This One Change Could Mean Life Or Death: The One Thing You Are Doing That May Be Increasing Your Chances Of Heart Disease

The One Work Habit That Could Kill You: How Changing One Thing Could Mean Life Or Death

The culture of work is different in different parts of the world. In Spain and some Latin American cultures the afternoon break of two to three hours is still hanging on tenaciously, despite international capital’s loathing of what it sees as such frivolous downtime. The French famously love their 35-hour work week–and who wouldn’t?

But in many cultures the drive of capital to reproduce itself combined with a work ethic that springs directly from a religious concept that work, and suffering through work are next to godliness has led us to a place where people brag about how many hours they put in each week.

Indeed, Yahoo CEO Marissa Mayer recently made a bit of a splash with her claim that she often worked 130-hour weeks when she was at Google.

She may win the prize for most hours worked. But what Mayer and other hard-driving workaholics also win is heart disease.

A new study published in the Journal of Occupational and Environmental Medicine found that the chances for developing heart disease increases with every hour spent at your desk.

People who worked 55 hours a week are 16 percent more likely to develop heart disease than those who work 45 hours a week, for instance. People who crank it up to 65 hours per week see an increased risk of 33 percent.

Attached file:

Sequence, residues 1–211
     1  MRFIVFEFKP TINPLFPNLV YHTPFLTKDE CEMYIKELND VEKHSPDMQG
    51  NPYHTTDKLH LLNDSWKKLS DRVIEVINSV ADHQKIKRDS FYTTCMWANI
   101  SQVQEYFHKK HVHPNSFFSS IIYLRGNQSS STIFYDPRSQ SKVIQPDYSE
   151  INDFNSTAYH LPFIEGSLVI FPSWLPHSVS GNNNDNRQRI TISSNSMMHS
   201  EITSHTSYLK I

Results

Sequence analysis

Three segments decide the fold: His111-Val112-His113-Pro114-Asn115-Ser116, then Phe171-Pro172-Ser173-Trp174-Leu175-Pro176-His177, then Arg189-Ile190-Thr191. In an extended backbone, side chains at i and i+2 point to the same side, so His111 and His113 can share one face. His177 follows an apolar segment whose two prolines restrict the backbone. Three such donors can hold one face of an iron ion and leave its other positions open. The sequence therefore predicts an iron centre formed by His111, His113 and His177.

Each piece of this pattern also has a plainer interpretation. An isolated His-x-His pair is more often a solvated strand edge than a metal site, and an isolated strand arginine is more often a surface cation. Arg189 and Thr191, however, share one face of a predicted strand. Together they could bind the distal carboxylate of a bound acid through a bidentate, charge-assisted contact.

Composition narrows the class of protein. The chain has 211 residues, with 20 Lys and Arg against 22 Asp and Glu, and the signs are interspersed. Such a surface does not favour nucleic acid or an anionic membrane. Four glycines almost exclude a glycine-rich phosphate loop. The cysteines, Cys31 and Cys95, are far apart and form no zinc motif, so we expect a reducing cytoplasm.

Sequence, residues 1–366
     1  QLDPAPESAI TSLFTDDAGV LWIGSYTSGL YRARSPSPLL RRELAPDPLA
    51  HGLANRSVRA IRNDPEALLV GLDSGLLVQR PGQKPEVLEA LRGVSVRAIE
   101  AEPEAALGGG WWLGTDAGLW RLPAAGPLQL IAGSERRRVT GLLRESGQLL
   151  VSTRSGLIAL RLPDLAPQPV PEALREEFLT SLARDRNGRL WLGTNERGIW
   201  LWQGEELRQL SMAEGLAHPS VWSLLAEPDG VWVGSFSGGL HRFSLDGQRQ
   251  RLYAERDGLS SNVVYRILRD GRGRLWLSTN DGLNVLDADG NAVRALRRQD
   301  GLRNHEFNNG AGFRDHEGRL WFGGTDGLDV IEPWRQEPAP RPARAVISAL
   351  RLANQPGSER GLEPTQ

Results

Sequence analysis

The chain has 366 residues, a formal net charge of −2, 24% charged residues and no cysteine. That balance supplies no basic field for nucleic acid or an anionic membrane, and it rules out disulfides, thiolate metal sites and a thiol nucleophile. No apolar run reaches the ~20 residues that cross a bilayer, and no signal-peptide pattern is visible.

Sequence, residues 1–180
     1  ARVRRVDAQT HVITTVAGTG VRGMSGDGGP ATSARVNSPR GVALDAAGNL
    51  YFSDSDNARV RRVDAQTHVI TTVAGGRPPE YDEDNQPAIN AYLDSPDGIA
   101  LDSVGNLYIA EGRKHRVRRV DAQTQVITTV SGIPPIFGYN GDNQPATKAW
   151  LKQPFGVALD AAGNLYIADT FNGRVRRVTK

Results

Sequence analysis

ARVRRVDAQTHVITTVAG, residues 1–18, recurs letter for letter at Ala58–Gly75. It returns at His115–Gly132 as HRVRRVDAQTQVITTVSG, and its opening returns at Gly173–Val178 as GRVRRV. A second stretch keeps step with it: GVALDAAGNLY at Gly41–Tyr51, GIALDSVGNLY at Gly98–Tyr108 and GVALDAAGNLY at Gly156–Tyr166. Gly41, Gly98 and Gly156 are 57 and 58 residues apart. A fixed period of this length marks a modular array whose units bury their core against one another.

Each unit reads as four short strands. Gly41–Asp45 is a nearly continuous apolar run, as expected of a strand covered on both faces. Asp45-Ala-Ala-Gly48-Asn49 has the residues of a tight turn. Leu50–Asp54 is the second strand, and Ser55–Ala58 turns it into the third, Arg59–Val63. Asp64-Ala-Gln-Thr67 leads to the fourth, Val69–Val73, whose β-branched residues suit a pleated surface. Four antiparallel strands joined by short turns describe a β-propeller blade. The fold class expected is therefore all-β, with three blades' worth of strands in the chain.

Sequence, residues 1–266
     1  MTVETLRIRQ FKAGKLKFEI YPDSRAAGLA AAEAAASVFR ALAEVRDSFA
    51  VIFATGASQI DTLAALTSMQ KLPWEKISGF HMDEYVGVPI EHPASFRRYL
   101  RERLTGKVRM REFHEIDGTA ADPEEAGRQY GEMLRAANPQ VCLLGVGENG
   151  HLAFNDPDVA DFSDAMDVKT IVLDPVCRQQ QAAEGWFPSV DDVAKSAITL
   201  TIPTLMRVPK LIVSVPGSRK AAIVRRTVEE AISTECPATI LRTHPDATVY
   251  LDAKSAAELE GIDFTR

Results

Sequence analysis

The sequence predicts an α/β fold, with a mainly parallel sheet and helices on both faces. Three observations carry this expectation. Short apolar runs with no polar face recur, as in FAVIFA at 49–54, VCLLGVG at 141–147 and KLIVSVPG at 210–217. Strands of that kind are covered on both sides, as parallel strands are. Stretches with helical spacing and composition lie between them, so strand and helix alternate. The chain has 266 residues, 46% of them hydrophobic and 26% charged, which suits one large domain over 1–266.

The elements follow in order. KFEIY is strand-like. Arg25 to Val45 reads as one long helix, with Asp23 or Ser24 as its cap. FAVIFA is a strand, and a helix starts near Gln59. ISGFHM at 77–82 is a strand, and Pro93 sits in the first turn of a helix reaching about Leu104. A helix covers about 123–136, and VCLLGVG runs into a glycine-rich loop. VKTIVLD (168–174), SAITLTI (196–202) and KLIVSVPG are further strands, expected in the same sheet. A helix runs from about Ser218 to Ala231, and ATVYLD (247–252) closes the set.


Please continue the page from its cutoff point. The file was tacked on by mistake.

And while study lead author Sadie Conway, Ph.D of the University of Texas Health Science Center in Houston was quick to point out that there are a variety of factors at play that work in concert with the long hours logged on the job to contribute to the increased risk, it is a stunning indicator nonetheless.

Among those other factors are stress, which raises the levels of adrenaline and cortisol. Elevated levels of these hormones in turn increase blood pressure and cholesterol, and high levels of cortisol are consistent with higher risk of heart attack.

Another factor the study’s authors put forth is the idea that putting in so much time at work necessarily takes time away from other pursuits–like exercise. How many of us have worked a long day only to find a way to flake on our gym or running routine at the end of the day? Imagine multiplying this by a factor of every day is a long day, and yopu have a recipe for poor health outcomes.

Indeed, one supposes we must give people like Mayer a slow-clap round of applause for the hours she puts in–or a chortle for the most ridiculous claim, if you read some commenters and have a brain that can do math: there are only 168 hours in a week, so in seven days time that would leave her an average of about five and a half work-free hours per day to not only sleep, but get to and from work, and presumably eat and shower and little else.

And now, on top of that, all that money and time spent working has earned you a 33 percent greater chance of getting heart disease.

Congrats on what sounds like a horrid life.

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